"Unfortunately, 65% of American adults do not have wills"
One of the last things on your mind is probably writing a Maryland will or thinking about putting your assets in a Maryland trust–both of which can ensure that you leave loved ones properly cared for, prevent disagreements among possible heirs and prevent unnecessary attorney fees from eating away at your estate.
At FixedFeeLegal.net we will explain the differences between a Maryland will and a Maryland trust and discuss with you just how important this kind of documentation is, especially at the time of death. We can prepare both documents for a reasonable flat fee.
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What is a Maryland Will?
A will is a document that tells legal authorities what should happen to your possessions when you die. It can be any length, and in most states, it must be witnessed by others who agree that you have the mental capacity to make your own choices.
If you have minor children, a will designates their legal guardian (with whom your children would live), and sometimes a financial guardian, who’d make sure that your assets are distributed to your kids appropriately through their minor years and in full when they reach legal age or another designated date. After you die, a will must be verified as valid in “probate court,” which is a court of law that deals specifically with wills and estates.
What is a Maryland Trust?
A trust is akin to a mini corporation through which property intended for the benefit of one party, the “beneficiary,” is held by another party, the “trustee.” The trustee and the beneficiary can also be the same person; sometimes there are many beneficiaries, and sometimes there are many trustees.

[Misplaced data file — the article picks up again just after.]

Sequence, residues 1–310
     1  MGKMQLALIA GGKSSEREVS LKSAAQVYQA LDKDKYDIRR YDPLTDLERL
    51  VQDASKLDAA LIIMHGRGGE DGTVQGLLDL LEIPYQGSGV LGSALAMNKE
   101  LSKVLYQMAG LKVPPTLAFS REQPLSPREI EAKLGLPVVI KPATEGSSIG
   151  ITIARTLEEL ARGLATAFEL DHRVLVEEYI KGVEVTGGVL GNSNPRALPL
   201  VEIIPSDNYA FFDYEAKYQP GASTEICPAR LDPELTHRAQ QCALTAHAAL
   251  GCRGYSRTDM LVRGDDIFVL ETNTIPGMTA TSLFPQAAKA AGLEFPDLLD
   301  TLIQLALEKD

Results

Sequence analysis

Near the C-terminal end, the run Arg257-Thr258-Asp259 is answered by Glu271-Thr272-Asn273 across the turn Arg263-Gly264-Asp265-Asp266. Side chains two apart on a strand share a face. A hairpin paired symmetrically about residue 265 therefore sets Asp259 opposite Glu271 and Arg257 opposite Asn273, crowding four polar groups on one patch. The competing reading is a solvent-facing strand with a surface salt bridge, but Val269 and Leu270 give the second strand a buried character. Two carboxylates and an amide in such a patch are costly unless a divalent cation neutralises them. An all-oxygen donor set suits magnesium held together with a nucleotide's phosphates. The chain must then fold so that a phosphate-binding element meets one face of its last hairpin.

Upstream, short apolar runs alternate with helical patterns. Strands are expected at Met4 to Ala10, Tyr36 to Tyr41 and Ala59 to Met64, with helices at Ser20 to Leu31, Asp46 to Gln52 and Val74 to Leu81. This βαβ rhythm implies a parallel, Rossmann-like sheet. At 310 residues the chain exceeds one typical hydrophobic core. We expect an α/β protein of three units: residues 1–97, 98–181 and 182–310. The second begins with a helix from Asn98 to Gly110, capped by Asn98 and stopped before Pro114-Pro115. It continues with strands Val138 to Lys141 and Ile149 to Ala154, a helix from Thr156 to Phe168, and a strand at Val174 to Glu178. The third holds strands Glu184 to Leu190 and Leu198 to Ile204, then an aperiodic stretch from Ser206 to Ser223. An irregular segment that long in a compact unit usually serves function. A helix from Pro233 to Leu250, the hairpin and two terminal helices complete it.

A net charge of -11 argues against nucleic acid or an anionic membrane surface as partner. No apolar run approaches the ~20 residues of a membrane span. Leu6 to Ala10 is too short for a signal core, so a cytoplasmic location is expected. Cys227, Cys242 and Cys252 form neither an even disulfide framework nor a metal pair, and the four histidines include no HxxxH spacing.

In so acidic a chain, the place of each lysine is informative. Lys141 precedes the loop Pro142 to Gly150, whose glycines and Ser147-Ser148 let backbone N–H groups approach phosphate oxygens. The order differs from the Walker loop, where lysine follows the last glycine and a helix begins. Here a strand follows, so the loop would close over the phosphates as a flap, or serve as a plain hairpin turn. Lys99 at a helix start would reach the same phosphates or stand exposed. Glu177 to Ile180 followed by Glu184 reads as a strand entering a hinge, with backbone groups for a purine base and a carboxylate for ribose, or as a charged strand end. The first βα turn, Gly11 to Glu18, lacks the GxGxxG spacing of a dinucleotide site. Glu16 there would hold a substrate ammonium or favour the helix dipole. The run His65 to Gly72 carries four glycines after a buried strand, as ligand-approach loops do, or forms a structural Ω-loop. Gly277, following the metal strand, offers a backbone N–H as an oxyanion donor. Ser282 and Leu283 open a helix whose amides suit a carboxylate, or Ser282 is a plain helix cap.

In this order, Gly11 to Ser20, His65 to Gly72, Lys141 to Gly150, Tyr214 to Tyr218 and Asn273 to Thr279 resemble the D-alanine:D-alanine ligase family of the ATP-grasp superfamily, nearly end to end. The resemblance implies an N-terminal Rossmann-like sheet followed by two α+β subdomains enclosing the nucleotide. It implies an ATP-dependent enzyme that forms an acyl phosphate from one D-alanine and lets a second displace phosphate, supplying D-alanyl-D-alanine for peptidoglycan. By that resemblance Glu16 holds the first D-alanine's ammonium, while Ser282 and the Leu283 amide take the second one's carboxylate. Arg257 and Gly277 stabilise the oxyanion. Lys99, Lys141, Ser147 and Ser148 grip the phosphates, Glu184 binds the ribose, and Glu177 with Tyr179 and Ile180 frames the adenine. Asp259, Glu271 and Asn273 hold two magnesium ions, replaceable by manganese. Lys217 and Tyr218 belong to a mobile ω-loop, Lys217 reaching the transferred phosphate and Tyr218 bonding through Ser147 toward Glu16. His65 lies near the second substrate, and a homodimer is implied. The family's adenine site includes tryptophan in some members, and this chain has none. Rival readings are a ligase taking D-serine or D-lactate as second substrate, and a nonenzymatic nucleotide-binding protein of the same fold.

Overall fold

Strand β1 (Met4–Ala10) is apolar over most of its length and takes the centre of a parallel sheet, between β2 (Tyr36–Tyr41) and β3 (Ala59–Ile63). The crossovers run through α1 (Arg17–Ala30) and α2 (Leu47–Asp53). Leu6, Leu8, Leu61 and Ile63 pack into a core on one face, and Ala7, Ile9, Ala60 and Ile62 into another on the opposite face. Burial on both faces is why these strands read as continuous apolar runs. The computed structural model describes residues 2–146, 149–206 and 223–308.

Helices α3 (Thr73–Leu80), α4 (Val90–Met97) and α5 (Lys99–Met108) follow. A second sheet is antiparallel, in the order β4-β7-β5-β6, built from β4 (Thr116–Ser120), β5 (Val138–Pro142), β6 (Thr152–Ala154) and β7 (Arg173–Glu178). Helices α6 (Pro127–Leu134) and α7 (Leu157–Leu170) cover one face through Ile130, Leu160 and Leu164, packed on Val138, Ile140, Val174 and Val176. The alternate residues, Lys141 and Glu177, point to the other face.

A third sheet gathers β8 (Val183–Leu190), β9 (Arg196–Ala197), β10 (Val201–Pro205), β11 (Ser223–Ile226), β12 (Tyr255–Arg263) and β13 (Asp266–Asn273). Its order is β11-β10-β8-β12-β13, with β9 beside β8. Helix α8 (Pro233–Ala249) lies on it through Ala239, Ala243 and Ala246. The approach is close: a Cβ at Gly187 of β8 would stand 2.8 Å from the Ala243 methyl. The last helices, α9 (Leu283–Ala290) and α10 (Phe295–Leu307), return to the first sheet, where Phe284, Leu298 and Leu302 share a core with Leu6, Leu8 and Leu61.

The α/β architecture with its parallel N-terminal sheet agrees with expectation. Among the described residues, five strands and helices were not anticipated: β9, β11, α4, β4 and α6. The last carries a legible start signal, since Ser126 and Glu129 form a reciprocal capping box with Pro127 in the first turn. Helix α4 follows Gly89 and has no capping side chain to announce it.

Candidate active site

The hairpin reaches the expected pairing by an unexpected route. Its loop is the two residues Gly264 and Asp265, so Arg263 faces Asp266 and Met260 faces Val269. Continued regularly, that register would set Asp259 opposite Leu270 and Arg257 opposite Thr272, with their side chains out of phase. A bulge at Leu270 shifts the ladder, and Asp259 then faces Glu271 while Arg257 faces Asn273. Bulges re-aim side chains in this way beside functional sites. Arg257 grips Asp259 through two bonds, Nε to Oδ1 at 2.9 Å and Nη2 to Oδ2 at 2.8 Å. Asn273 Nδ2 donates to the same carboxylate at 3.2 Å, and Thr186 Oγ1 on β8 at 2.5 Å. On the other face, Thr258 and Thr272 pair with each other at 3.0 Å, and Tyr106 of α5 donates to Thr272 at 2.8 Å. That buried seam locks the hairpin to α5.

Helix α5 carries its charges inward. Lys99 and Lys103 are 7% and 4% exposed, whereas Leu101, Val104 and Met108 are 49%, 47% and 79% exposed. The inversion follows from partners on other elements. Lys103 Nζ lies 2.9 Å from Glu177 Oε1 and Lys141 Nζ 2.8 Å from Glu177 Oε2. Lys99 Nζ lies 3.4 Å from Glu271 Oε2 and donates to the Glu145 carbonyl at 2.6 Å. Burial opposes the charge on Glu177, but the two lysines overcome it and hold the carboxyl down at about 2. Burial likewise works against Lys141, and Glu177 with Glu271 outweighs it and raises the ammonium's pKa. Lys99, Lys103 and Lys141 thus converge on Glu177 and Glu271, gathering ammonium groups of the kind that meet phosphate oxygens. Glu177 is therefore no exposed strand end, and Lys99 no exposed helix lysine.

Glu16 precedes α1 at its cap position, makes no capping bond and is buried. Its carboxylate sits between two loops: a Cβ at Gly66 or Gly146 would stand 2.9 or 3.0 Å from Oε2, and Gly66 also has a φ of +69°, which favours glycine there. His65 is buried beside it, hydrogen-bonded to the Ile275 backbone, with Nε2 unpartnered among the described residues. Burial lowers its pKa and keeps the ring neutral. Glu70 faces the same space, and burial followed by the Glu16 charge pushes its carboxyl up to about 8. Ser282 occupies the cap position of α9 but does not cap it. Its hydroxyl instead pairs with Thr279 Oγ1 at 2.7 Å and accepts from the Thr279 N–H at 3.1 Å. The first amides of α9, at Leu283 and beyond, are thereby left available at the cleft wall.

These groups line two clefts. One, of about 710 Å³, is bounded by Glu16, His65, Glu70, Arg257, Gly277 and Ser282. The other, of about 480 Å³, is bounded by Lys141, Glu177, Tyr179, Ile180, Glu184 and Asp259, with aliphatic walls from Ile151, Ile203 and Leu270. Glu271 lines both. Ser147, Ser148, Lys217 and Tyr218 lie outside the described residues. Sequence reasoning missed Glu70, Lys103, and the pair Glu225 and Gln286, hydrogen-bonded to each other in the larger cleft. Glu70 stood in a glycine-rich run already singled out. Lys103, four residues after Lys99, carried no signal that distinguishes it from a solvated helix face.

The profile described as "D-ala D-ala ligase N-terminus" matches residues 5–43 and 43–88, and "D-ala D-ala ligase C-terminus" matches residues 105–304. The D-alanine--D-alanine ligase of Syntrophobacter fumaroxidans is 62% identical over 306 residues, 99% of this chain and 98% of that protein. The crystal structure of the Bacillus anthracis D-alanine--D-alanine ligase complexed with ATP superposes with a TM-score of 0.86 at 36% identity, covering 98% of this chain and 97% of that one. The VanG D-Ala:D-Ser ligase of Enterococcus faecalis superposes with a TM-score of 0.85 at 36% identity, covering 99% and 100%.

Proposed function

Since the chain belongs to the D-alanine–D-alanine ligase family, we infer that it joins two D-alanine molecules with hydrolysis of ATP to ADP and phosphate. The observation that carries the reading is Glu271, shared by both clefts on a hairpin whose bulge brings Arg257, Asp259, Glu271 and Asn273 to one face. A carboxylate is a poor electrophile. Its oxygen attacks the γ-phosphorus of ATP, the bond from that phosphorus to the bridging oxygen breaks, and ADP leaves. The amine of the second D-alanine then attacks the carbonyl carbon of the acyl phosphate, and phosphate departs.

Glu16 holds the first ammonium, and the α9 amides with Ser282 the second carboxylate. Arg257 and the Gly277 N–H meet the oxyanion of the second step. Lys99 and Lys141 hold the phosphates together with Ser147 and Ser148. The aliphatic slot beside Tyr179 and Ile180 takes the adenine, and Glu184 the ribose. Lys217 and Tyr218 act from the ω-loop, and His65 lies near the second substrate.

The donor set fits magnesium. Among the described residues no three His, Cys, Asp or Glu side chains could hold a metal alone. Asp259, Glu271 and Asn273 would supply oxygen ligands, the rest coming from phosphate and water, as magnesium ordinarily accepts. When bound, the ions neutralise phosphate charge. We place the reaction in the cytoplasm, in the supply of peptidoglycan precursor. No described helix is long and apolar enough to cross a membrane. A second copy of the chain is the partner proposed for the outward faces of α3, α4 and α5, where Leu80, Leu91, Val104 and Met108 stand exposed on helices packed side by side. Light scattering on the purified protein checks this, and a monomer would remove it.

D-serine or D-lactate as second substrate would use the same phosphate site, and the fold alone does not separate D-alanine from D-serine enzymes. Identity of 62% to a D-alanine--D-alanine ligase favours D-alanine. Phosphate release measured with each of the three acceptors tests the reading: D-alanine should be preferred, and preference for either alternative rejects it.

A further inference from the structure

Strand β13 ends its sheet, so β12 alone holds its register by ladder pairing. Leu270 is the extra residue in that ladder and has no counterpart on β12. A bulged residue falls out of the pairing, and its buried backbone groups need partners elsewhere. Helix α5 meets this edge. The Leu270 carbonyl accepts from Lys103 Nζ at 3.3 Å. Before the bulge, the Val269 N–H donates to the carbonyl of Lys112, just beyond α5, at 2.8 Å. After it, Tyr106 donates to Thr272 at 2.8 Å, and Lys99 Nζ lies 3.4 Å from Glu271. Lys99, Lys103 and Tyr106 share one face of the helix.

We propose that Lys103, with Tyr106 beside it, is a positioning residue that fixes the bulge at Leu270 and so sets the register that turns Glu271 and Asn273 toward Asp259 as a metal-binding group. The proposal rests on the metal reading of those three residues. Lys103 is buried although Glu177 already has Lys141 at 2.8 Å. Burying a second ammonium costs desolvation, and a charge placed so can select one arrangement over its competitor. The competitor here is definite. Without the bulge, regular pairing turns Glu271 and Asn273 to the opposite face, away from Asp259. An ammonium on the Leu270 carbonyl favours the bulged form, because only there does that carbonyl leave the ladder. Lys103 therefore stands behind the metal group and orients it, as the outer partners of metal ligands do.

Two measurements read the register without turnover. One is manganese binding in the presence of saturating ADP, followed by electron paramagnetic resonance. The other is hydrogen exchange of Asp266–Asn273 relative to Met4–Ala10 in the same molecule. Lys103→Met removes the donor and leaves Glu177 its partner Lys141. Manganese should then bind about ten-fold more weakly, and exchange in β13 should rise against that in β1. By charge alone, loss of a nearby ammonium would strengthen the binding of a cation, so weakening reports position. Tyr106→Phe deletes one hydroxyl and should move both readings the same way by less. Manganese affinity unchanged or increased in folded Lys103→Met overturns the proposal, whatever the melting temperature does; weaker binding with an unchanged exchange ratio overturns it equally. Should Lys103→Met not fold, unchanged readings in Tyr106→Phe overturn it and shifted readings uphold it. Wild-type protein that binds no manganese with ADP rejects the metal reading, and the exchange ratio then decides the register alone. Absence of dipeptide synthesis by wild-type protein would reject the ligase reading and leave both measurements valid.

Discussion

Trusts allow your assets and possessions to skip the probate court process and go directly to intended recipients, saving time and money spent on court and attorney fees.
Trusts can also be arranged to cooperate with laws currently in effect, in order to avoid various types of taxes. But if the law changes by the time you die, aspects of the trust governed by former laws may no longer result in the best tax outcome.
Why Wills and Trusts Matter
Unfortunately, 65% of American adults do not have wills, according to a 2010 Harris poll conducted for Lawyers.com. And the numbers don’t improve for older Americans: Four in ten baby boomers also lack one, based on a 2012 survey conducted by RocketLawyer.com.
Without a Maryland will, you take a risk. Your money, house, car, boat, other material items and minor children land in limbo–with no clear recipient, beneficiary or guardian to receive them.
The same survey also found that half of Americans with children do not have a will. If you have kids, and you don’t create a will before your death, the Maryland probate court will decide who will be the guardian of your children. Although this is usually the closest family member, without specific instructions, your kids could end up in an environment that’s not to your liking.
A Maryland trust is geared toward folks with a positive net worth and assets, such as cars, houses, savings accounts and a substantial amount of life insurance. If you don’t have much in the way of assets, a trust may not be necessary.
A trust requires planning, maintenance and can be more expensive to create than a will. However, upon your death, the trust will be immediately transferred to your beneficiary, with no lengthy and costly probate involved.
About Maryland Wills and Codicils
Ready to talk about wills, trusts, or probate? We’re here to help.
We are committed to keeping our clients fully informed and offering them the guidance and support they need to make good choices between different legal alternatives. For as long as we represent you, you will receive the same dedication and quality of service that brought you to us in the first place.
For more information or to schedule an appointment with our estate planning lawyer, contact us, or call us at 301-605-1722. We look forward to helping you.